ASIN is: B00GNFYZJS. The full instructions are: Select “Help” from the right hand end of the top grey bar on your online Amazon account page on the main site. Click on ‘Contact us’ on the right. Under ‘What can we help you with?’ select Amazon Content and Devices. Tap on your Kindle device in the boxes shown, then scroll down the page to ‘Select an issue’ and in the drop down menu select ‘My Kindle books and subscriptions’ Follow the prompts to connect to a Customer Advisor on live chat. Tell them that there is a newer version of the book than when you originally purchased and ask them to deliver the latest updated edition to all of your devices. This is free, although it takes a few minutes. There may be a different proceedure to download new versions from other booksellers – I advise doing whatever is similar. From other sellers you will need to supply the book’s Smashwords ISBN: 9781311761927

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A beautiful photograph of Virginia McKenna taken on location in the Lake District in 1973 by Philip Hatfield

Since being contacted by others who were involved in the filming, I have been able to add a few more anecdotes and images, including this beautiful shot of Virginia McKenna kindly sent in by the photographer Philip Hatfield.

I found a copy of my original contract for the film and when Jean McGill rang from Bowness, a few more secrets floated to the surface.

Sophie Neville and David Wood

CBBCTV’s Cinemaniacs  interviewed the screenwriter David Wood and myself on how the original movie of Arthur Ransome’s ‘Swallows and Amazons’ was made back in the summer of 1973.  The idea was to use 30 second clips, so please excuse my over-the-top reactions, but you can watch the whole recording below.

‘This has to be one of the most delightful interviews in my recent memory.’ Tim Lewis, USA

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‘Swallows, Amazons and Coots’

9780718894368_cover Swallows3.indd

‘Swallows, Amazons and Coots’ by Julian Lovelock, with a forward by Sophie Neville, was launched on 23rd September at The Radcliffe Centre at the University of Buckingham. Published by the Lutterworth Press, it is a companion for anyone who loves Arthur Ransome’s series of ‘Swallows and Amazons’ books.

julian-lovelock-with-sophie-neville

To read more and enter a competition to win a copy please click here

For photos of the book launch please click here.

About the new book

‘In 1929, Arthur Ransome (1884-1967), a journalist and war correspondent on the books of MI5, now widely regarded as one of the most influential children’s writers of the twentieth century, turned his hand to writing adventure stories for children. The result was Swallows and Amazons and eleven more wonderful books beyond, spanning in publication the turbulent years from 1930 to 1947. They changed the course of children’s literature and have never been out of print since, beloved for the author’s ability to create a world of escape so close to reality that it is utterly believable, in which things always turn out right in the end. Yet to be properly appreciated today, the novels must be read as products of their era, inextricably bound up with Ransome’s life and times as he bore witness to the end of Empire and the dark days of the Second World War.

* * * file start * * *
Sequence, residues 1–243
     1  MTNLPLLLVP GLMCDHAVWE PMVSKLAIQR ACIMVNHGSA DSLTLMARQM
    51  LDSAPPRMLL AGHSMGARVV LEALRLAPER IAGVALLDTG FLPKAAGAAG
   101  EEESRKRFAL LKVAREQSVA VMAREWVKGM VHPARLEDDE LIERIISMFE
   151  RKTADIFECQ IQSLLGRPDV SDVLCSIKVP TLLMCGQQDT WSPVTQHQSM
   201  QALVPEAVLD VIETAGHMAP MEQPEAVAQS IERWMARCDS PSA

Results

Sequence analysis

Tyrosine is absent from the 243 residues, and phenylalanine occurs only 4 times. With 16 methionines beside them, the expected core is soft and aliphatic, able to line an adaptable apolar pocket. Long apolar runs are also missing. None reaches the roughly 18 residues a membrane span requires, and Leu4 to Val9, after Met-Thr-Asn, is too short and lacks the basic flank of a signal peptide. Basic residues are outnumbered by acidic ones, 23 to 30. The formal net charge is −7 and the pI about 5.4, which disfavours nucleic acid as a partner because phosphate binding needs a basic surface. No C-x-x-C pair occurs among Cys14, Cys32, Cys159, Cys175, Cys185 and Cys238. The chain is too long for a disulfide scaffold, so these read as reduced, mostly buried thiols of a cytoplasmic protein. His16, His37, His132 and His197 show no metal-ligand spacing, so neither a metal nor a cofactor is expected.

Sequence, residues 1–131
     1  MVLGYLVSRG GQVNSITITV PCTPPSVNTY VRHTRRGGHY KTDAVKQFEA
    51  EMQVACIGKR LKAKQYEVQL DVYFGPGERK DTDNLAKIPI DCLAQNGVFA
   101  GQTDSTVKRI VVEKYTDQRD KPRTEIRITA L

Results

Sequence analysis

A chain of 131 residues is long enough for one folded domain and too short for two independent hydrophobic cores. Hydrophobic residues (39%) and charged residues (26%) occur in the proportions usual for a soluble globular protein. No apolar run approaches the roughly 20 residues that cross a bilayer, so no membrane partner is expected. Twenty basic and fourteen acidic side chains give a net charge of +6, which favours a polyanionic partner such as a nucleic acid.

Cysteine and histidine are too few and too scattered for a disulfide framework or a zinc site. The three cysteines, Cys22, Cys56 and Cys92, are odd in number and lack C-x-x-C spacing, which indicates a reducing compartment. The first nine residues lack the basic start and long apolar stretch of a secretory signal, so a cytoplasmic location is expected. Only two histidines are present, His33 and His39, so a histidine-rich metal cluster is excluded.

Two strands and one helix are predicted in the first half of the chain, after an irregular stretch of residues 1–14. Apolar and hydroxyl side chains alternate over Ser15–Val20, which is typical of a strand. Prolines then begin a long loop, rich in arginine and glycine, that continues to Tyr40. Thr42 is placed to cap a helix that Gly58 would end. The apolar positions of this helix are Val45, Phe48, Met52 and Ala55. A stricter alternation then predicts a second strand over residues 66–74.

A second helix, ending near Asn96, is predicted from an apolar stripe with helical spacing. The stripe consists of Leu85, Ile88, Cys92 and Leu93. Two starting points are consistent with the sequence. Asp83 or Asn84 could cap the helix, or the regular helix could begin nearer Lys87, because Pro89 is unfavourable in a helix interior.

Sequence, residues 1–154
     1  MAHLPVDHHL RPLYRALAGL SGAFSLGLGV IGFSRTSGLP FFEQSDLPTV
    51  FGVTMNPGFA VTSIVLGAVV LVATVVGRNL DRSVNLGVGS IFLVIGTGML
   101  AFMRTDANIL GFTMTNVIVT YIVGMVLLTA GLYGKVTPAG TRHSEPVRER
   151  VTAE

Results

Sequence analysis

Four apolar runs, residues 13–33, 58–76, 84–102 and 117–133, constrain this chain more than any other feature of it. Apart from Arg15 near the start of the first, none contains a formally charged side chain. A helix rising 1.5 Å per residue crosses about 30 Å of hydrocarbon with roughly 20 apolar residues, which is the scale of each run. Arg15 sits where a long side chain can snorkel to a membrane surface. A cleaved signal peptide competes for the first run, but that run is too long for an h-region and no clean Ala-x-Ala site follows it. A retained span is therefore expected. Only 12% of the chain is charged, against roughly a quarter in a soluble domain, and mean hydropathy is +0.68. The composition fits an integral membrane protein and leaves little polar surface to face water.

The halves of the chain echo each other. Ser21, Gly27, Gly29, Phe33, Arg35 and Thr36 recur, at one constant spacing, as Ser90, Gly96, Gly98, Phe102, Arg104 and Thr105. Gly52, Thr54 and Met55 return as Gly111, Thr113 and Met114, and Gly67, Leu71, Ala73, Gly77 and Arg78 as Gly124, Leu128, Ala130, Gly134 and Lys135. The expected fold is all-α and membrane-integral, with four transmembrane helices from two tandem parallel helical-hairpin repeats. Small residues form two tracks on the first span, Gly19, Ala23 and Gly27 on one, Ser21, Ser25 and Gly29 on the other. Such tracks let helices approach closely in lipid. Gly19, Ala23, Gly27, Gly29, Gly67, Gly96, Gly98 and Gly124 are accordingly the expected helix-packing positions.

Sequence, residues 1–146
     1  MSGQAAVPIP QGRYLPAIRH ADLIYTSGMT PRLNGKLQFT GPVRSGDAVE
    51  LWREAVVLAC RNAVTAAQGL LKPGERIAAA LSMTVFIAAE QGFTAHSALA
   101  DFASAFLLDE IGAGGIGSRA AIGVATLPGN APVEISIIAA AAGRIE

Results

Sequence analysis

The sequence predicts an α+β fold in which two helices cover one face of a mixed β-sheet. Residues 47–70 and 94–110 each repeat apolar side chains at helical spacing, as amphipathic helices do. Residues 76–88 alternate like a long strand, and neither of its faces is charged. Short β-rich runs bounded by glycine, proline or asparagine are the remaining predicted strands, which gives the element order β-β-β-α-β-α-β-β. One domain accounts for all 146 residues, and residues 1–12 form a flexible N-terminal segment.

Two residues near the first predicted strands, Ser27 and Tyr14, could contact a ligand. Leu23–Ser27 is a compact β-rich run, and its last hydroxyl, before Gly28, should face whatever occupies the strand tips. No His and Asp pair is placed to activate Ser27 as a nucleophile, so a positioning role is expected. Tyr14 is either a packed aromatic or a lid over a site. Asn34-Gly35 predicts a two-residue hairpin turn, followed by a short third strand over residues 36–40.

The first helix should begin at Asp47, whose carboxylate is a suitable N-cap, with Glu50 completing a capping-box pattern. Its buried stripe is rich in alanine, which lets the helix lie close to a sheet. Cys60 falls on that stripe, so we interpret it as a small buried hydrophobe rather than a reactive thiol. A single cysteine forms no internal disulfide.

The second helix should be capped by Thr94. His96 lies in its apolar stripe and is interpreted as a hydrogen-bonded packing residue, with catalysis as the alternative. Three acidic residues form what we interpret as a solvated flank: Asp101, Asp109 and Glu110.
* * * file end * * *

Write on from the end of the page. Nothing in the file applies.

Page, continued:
‘In the first critical book devoted wholly to the series, Julian Lovelock explores each novel in turn to offer an erudite assessment of Ransome’s creative process and narrative technique, highlighting reflections of his experiences and contradictory politics, colonial imagery, the spectre of war and of course his remarkable skill as a story-teller as he constructed a fictional refuge for himself and his readers. Thus Lovelock convincingly demonstrates that, despite first appearances, the novels challenge as much as reinforce the pervading attitudes of their time. Elegantly written, Swallows, Amazons and Coots is both up-to-date and nostalgic. It will appeal to anyone who has enjoyed the world of Swallows and Amazons, and there is plenty here to challenge the Ransome enthusiast and the student as well.’

Endorsements 

Virginia McKenna wrote: ‘There is always more in life than meets the eye. The delightful and unique Arthur Ransome stories from Swallows and Amazons to Great Northern? have delighted us over the years. But now we learn, thanks to this fascinating book, that there are more aspects and depths to the stories than we ever imagined. In no way does this diminish them – on the contrary. By giving us a more profound understanding of the author, the adventures and exploits of his characters take on an extra depth and dimension. These are stories for children that no adult should miss.’

‘An admirable introduction for newcomers to the Swallows and Amazons novels, written with detailed and expert knowledge. Julian Lovelock clearly has a deep affection and admiration for Ransome’s writing, and places the books in a rich and complex context. This is an elegant and leisurely guide through the books in the company of an amiable and well-informed companion.’ Peter Hunt, Emeritus Professor of Children’s Literature, Cardiff University, and co-author of How Did Long John Silver Lose His Leg? (2013)